The City Engineer will review the exception application and make a recommendation for approval or denial to the City Council. As part of an approval, the City Engineer may impose certain conditions on your project to perform additional work in the vicinity of the project. The conditions will be based on the site conditions and the reports that you provide. If the City Council approves the exception, you will need to enter into a creek setback agreement with the City. A blank copy can be provided for your reference. After the agreement is executed, the City will issue your building permit. If you choose to appeal the City Engineer’s recommendation, you may do so at the City Council meeting when the City Engineer presents the recommendation with your application.
- A: If you have a creek-side property and you are contemplating work, you will need a creek setback determination.
Article 5 of the Lafayette Municipal Code Ordinance No. 512 prohibits construction of structures within the creek setback area. Following is a brief explanation of what the setback area is, and how to determine the setback line on your property. (There are other related regulations dealing with flood zones that you should also investigate at the same time by contacting the Planning Services Division at (925) 284-1976.)
Section 6-1841 of the ordinance contains the formula used to determine the setback line. Examples of creek setback determinations can be viewed here. We recommend that you obtain the services of a land surveyor to gather topographic information in the relevant area of your property. Based on the creek depth, the steepness of the bank, and the topography of the top on bank, the land surveyor can determine where the setback line is relative to the toe of the creek bank slope. All of the land between the creek and the setback line is defined as the creek setback area, and no structures are allowed within it.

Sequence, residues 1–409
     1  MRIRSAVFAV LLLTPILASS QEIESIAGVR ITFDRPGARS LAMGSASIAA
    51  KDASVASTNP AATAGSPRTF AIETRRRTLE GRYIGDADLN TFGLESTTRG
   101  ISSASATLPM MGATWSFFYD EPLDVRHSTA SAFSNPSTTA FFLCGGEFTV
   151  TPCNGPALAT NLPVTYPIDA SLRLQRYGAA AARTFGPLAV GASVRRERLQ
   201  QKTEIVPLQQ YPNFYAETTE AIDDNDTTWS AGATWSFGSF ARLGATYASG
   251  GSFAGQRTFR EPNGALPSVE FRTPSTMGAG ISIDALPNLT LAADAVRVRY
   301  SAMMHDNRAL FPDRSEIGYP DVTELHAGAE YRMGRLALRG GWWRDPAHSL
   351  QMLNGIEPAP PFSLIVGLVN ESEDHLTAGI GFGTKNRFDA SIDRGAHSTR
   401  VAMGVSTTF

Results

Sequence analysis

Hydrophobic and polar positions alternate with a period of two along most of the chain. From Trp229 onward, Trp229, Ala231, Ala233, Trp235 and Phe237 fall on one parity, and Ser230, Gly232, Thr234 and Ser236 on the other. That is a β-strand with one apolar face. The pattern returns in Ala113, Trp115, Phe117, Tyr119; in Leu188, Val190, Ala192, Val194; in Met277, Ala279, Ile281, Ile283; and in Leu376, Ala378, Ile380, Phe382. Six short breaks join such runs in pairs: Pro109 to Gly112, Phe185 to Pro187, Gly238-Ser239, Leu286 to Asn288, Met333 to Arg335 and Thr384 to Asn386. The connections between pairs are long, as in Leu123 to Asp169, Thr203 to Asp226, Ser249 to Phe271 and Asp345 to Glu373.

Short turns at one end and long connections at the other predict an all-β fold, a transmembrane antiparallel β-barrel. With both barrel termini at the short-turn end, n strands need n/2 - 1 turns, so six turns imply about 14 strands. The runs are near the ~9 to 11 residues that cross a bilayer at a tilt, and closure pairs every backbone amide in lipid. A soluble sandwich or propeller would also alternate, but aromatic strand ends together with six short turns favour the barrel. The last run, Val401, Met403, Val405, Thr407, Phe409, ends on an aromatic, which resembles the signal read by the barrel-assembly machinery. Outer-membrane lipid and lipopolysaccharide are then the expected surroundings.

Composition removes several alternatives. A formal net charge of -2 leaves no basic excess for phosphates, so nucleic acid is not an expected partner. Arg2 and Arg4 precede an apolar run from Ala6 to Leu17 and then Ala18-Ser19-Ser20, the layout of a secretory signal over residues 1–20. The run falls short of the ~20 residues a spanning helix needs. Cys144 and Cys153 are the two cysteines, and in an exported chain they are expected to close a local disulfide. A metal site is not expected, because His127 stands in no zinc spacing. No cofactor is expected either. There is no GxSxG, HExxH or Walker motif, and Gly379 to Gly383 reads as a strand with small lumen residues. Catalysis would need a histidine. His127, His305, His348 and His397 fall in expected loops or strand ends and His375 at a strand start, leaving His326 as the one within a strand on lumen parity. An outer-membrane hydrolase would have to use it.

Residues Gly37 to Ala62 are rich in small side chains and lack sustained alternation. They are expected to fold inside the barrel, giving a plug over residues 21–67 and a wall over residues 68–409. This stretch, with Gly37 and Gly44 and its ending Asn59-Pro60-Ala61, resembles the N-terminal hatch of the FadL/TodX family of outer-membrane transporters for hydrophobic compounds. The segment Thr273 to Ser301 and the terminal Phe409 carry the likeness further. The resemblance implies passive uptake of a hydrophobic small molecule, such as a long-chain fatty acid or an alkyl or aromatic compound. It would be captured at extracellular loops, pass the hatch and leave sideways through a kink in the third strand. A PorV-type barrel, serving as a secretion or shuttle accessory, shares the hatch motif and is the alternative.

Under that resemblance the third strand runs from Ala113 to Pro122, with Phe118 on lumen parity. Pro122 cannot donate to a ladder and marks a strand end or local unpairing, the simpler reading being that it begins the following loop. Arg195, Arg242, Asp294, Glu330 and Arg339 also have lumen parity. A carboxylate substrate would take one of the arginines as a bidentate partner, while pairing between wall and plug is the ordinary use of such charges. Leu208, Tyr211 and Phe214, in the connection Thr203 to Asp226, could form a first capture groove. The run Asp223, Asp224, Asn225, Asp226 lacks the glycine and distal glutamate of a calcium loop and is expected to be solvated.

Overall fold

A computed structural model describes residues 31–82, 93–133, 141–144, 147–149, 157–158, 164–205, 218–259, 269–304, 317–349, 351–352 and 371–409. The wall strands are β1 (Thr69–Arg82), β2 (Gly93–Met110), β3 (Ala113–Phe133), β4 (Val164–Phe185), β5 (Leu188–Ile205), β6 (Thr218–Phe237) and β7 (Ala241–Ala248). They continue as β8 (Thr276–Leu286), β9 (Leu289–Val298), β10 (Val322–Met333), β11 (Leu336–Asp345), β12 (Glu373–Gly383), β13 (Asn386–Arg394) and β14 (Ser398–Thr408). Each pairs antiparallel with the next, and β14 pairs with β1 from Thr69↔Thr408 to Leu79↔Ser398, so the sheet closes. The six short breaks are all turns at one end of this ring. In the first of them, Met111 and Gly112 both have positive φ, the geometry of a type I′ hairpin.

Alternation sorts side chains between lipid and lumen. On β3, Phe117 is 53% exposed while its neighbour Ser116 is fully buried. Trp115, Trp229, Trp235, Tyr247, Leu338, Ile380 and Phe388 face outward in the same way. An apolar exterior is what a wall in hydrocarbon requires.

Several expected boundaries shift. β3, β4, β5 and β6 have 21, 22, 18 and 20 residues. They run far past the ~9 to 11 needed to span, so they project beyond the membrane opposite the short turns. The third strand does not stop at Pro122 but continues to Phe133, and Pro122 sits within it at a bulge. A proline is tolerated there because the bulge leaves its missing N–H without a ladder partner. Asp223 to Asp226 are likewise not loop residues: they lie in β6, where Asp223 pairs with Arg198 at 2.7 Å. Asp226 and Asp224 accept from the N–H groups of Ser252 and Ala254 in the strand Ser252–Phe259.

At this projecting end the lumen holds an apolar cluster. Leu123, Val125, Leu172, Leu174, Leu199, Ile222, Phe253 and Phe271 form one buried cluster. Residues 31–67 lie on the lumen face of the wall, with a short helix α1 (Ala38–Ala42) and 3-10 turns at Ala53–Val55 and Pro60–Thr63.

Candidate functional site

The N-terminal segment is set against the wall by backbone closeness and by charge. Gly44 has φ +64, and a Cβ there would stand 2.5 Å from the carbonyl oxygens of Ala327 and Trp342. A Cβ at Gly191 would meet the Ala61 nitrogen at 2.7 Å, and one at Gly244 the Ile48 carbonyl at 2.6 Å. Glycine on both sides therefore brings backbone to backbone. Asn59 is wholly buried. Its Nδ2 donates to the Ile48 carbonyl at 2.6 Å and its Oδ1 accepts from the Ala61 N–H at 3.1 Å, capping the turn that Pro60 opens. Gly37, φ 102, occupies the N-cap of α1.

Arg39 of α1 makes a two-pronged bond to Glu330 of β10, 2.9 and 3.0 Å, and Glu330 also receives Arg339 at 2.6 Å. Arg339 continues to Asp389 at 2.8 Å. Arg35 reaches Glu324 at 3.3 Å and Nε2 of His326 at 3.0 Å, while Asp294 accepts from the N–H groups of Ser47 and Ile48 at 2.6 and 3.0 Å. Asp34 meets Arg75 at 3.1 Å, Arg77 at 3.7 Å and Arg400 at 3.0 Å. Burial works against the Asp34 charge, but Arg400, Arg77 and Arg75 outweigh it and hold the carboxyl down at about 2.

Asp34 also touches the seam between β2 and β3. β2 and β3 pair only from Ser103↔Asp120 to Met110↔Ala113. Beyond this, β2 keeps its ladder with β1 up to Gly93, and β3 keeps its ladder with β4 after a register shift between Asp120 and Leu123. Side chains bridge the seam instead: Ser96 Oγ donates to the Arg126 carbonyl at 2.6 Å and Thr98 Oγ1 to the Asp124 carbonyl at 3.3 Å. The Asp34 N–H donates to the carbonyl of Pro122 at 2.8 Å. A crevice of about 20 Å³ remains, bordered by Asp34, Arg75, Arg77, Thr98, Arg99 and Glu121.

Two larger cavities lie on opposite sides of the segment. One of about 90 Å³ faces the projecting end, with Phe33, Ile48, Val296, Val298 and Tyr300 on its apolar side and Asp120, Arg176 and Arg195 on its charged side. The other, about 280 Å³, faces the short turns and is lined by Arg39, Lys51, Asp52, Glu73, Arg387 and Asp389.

In order to receive a building permit for your project, you need to submit evidence that your proposed work is outside the setback area. For the City’s review, please submit a topographic plan of the project area, including the creek and its features (i.e., top of bank, toe of bank, bank slopes, flow channel, grade breaks, etc.). You should plot on the plan the setback line in accordance to the ordinance. Lastly, provide a cross-sectional view of the creek, creek bank, the setback line, and your proposed structure. The section should reflect a point where your proposed structure is the closest to the setback line.
We strongly recommend that you use a licensed surveyor to perform this work. You may make the determination yourself. If the City disagrees with your measurements, you may have to submit calculations prepared by a licensed surveyor to prove your case.
What are sharrows?
“Sharrows” is short for “shared lane pavement markings” which indicate that motorists and bicyclists are to share the travel lane.